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In the United States, DNA testing is also being done on dogs

In the United States, DNA testing is also being done on dogs

The ritual has become habitual. Open the kit, rotate the swab, soak in the solution and mix, then wait patiently for the result. At this point, the smear was taken except for the javelin pit, which, after all, was not a screening for Covit-19, but a DNA test for dogs.

The popularity of these experiments, which appeared fifteen years ago, has recently exploded in the United States, where nearly 40% of families have at least one of these furry comrades.

Embark Vet, which launched in 2015 and markets one of the most popular devices in the United States, for example, AFP promises 235% growth between 2019 and 2020. A veterinarian says the epidemic has further exacerbated the movement. .

They are not cheap, ranging from $ 100 to $ 200 depending on the kit. But in a country where the dog is king, this is not a problem: by 2020 Americans will have spent nearly $ 104 billion on their animals, equivalent to Slovakia’s GDP, according to the American Pet Products Association.

Once the sample is mailed, the wait can take anywhere from two weeks to a month. The first goal is to be clear about the dog breed.

Sometimes, if the owner has a clean dog, it is a question of checking that there are no defects in the materials. This is the case of Ashley Ternila, who lives in New Jersey. The German Shepherd, whom he bought from a breeder, looked like a wolf despite having white fur, so he told AFP he “put an end to the rumors and we tested him.”

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But for owners who choose to adopt from shelters, trying to fill in the gray areas of a person’s life that is now an integral part of the family is a question.

Mila Bardos, a 51-year-old lawyer living in Washington, D.C., explains: “Having a dog is about knowing where it comes from and what its history is. He adopted his three dogs, Natty, Mickey and Mabel, and conducted DNA testing on each of them, thus providing an overview of their family tree.

She discovers that there is a cousin in Baltimore near the mixed country of Pit Bull, Beagle, Zhou-Chow and German Shepherd, or descended from a long line with a Mickey, half-Labrador and a glossy brown line. .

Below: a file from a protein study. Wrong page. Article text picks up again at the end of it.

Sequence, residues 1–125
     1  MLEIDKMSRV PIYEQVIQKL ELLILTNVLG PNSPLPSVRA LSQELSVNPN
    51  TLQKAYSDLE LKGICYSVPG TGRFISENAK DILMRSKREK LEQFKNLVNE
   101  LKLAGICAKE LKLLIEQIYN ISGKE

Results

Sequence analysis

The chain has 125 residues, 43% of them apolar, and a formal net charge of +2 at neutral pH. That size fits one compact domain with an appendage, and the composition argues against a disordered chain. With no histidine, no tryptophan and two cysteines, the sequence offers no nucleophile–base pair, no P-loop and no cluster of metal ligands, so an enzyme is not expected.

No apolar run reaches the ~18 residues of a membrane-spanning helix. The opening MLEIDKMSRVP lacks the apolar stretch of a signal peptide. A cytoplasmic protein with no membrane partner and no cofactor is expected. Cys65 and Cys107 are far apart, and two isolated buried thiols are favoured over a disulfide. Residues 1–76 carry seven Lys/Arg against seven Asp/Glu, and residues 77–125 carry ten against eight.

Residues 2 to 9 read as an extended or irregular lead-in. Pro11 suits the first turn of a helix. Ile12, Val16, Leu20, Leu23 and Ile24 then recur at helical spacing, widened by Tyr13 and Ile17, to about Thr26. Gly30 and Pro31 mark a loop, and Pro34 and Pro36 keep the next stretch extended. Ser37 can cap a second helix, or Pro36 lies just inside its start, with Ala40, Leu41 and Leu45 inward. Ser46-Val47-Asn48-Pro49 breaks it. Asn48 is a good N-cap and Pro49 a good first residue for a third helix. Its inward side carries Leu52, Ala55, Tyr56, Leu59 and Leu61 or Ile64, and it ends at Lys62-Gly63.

For his part, Levi Novi, a 42-year-old Virginia-based consultant, promises that the test allowed her little black dog weighing 6kg to “better understand” her summer behavior and “her energy and predatory instincts”. And “the way she chooses the people she hugs.”

This particular desire to “understand, predict, and anticipate the actions of their dogs” reinforces the owners’ interest in their dog breed, AFP Alan McConnell, a psychology professor who specializes in human relationships, for their pets.

Dog breeds actually carry stereotypes – “Labradors get along well with children, pit bulls are aggressive surveillance dogs” – which, while sometimes not accurate, can help explain dog behavior, the animal, he explains.

Levi Novi was also reassured that there was no prognosis for any genetic disease in the summer. Because, it is also one of the selling points for these tests: heart problems, kidney function disorders, premature hearing loss …

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But beware, says Sarah Bowman, a veterinarian in Washington, D.C. At most, these tests make it possible to be aware of the risk and act with greater vigilance in this area, he explains.

Contacted by the AFP, the American Veterinary Association encourages one to consult with one of its practitioners “before making any decision based on the results of these tests.”

Then, practice testers should also be aware of the legal consequences. Like other places in the United States, some breeds of dogs are found to be aggressive, such as pit bulls or Staffordshire Terriers, so they are banned from certain apartment buildings.

However, in this practical country, Mila Bardos warns as a lawyer that if the adopted dog is a half-pit bull, it could be “a problem” by the overly caring owner. “If you do not want to know that information, you probably should not do a DNA test.”